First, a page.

SP Sean Burnett: Some sources have Burnett ahead of Snell in the battle for the five slot. They ignore the fact that Burnett simply cannot stay healthy and is more likely to spend the spring in Indianapolis or Altoona. The run of drafts that picked Burnett, Bryan Bullington, and wasted bat John van Benschoten is a run of pitcher destruction not seen outside of Seattle. The Pirates have had the worst luck in the majors at bringing players back from Tommy John surgery, highlighted by Burnett’s mid-summer labrum tear. Tom Gorzelanny will make that battle moot by August.
CL Mike Gonzalez: Gonzalez pitched almost all year with a sprained right knee. He didn’t alter his mechanics and is a good case study for the use of braces in pitching injuries. He’s still got the brace on–maybe not right this minute, but he did at the Pirates mini-camp–which leads us to believe there’s some lingering problem there. He’s still better than another year of Jose Mesa or poking yourself in the eye with a sharp stick.
At what point do we admit failure?
Remember that pretty girl in high school–the cheerleader with the impossibly blue eyes and the body that made you feel all wiggly? You probably didn’t date her, you probably barely knew her, but she was and probably still is a pretty happy memory. The Pirates are a lot like that. Not the pretty girl, but our hopes for going out with that pretty girl and the Disney ending. The Pirates have been an abysmal failure over the last five years, yet there’s just enough “what if” left over that we hope for the happy ending.
While the team has failed on the field, they’ve done an equally inept job in keeping players healthy, developing pitchers, or really anything measurable. At best, they show up as mediocre in some years, carried by a bit of luck and hard work but unable to sustain those results or systemize them in any meaningful way. Some of the team’s injuries have just been bad luck, like the serial broken hand of Craig Wilson. Others, like the breakdown of former overall #1 pick Bryan Bullington, were far less surprising.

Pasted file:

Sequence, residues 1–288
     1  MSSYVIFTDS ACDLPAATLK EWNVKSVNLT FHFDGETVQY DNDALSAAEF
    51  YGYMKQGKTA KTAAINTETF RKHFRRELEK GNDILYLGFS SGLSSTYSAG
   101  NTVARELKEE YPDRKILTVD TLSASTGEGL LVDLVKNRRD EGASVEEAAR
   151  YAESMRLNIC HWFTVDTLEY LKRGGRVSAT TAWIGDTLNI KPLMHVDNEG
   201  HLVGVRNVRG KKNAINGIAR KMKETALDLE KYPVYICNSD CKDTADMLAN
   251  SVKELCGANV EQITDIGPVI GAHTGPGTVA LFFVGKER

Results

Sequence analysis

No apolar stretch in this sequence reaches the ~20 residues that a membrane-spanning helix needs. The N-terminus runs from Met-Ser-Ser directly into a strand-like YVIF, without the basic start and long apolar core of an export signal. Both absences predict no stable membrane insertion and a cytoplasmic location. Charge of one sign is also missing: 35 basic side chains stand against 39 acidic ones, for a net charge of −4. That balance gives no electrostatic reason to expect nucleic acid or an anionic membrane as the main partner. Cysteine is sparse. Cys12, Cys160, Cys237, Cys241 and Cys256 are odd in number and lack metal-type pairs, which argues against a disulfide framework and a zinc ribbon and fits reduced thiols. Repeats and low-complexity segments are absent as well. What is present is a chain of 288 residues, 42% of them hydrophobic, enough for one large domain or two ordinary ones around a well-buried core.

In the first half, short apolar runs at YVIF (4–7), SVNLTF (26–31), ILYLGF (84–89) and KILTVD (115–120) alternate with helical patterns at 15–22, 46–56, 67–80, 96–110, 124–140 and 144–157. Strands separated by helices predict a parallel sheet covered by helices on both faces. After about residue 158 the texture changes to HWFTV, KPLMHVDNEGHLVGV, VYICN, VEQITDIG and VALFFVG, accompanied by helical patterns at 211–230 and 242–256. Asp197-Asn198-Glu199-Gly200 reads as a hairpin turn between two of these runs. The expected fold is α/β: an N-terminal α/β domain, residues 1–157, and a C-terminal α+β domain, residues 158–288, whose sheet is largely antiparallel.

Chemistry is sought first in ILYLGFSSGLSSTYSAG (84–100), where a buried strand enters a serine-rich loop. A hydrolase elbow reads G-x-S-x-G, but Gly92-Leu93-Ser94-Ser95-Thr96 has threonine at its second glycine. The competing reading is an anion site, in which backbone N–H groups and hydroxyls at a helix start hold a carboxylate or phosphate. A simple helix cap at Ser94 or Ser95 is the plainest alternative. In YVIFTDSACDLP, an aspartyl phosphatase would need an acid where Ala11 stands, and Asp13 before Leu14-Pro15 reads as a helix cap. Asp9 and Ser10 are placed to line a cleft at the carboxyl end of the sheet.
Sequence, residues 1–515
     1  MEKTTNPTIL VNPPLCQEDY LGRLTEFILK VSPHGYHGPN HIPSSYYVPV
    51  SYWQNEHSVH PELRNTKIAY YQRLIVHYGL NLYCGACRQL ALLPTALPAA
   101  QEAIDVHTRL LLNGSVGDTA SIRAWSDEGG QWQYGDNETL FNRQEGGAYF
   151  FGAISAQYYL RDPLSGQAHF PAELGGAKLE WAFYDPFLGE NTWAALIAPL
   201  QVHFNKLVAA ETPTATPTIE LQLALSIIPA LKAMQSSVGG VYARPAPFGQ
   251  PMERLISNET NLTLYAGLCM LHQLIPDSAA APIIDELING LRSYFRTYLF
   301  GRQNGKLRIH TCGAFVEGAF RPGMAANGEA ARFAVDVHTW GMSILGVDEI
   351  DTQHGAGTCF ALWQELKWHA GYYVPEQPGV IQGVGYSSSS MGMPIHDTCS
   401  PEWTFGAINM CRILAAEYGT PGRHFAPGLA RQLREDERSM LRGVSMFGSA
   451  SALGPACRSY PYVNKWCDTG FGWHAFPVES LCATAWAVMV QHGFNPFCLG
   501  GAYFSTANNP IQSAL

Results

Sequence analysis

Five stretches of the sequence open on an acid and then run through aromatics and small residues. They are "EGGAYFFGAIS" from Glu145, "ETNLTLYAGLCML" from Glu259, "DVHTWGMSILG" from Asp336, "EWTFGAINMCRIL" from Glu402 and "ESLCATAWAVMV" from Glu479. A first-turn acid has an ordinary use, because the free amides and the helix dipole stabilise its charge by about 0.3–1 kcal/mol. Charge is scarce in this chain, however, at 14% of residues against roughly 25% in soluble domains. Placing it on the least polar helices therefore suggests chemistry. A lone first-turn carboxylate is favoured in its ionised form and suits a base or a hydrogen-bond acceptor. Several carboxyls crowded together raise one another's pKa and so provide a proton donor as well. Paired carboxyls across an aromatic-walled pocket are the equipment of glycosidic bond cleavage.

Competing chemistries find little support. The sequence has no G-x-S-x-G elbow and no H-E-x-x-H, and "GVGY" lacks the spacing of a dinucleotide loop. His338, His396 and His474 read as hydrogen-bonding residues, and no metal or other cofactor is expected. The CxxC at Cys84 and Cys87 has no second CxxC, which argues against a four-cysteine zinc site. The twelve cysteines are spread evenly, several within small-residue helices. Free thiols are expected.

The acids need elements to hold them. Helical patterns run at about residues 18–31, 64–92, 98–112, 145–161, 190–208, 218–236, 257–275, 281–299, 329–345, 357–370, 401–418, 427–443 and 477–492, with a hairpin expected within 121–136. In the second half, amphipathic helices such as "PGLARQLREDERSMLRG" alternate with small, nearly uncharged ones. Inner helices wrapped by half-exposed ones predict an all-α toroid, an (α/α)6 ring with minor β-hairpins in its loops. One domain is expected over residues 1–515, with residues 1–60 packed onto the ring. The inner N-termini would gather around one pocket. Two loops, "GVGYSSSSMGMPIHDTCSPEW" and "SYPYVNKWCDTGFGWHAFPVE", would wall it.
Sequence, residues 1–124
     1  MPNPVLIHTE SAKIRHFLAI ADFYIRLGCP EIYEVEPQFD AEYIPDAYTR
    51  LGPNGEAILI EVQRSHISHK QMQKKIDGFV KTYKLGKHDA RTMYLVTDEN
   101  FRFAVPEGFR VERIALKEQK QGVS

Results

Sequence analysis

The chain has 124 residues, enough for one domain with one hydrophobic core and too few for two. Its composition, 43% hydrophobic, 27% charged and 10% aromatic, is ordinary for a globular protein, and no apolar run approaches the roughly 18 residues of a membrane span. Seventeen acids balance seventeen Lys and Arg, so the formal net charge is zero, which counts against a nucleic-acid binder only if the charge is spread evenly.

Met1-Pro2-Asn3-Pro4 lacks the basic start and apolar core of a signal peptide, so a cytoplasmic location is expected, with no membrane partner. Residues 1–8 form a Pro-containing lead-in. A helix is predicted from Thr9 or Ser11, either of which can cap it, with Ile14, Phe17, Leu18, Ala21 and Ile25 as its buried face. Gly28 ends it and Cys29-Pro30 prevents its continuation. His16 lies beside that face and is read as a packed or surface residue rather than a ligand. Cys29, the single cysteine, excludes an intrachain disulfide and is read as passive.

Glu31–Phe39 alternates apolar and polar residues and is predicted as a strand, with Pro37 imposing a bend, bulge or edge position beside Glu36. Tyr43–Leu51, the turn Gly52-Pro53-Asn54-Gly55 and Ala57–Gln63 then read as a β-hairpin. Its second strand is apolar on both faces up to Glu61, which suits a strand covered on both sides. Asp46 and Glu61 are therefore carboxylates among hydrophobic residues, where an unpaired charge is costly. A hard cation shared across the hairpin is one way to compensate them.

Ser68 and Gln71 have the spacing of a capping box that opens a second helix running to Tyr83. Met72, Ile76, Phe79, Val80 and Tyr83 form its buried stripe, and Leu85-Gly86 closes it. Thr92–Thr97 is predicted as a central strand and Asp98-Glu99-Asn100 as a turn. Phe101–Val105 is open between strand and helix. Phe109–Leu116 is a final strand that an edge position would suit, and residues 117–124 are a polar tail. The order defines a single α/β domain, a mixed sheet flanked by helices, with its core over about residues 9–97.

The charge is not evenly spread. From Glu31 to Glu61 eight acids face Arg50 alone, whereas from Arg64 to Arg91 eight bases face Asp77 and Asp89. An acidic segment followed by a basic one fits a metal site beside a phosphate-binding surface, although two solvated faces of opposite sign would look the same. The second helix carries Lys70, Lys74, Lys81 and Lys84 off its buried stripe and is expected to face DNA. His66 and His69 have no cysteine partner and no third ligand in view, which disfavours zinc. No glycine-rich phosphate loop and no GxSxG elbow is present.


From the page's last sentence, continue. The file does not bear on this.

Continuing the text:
The Pirates have a wealth of pitching talent reaching the major leagues, coming just after a vaunted group that’s done nothing (largely due to injury). Bullington, John Van Benschoten, and Sean Burnett were Duke, Tom Gorzelanny, and Maholm before the latter group came up. One can only hope that a more reasoned approach from Jim Tracy and Jim Colborn helps keep this new crop from meeting the same fate as the old, but there’s no change in the minor leagues that holds out hope for the next generation.
The Pirates have gotten significantly younger, for the most part, which is not always a good thing for injuries. Youthful exuberance often leads to more injuries, though they do tend to heal quicker. With the additions of Casey and Burnitz, two older but usually healthy players, the team should be able to focus on keeping their young pitchers healthy. That–and that alone–will give the Pirates some hope to be out of last place this season.
The Pirates flirt and tease, but in the end, they’re a team that is rudderless. Twelve bobblehead days and the best park in the majors cover a lot of flaws, but injuries could tear this team apart and, absent a Jim Tracy miracle, leave them wondering what happened by the time they host the All-Star Game.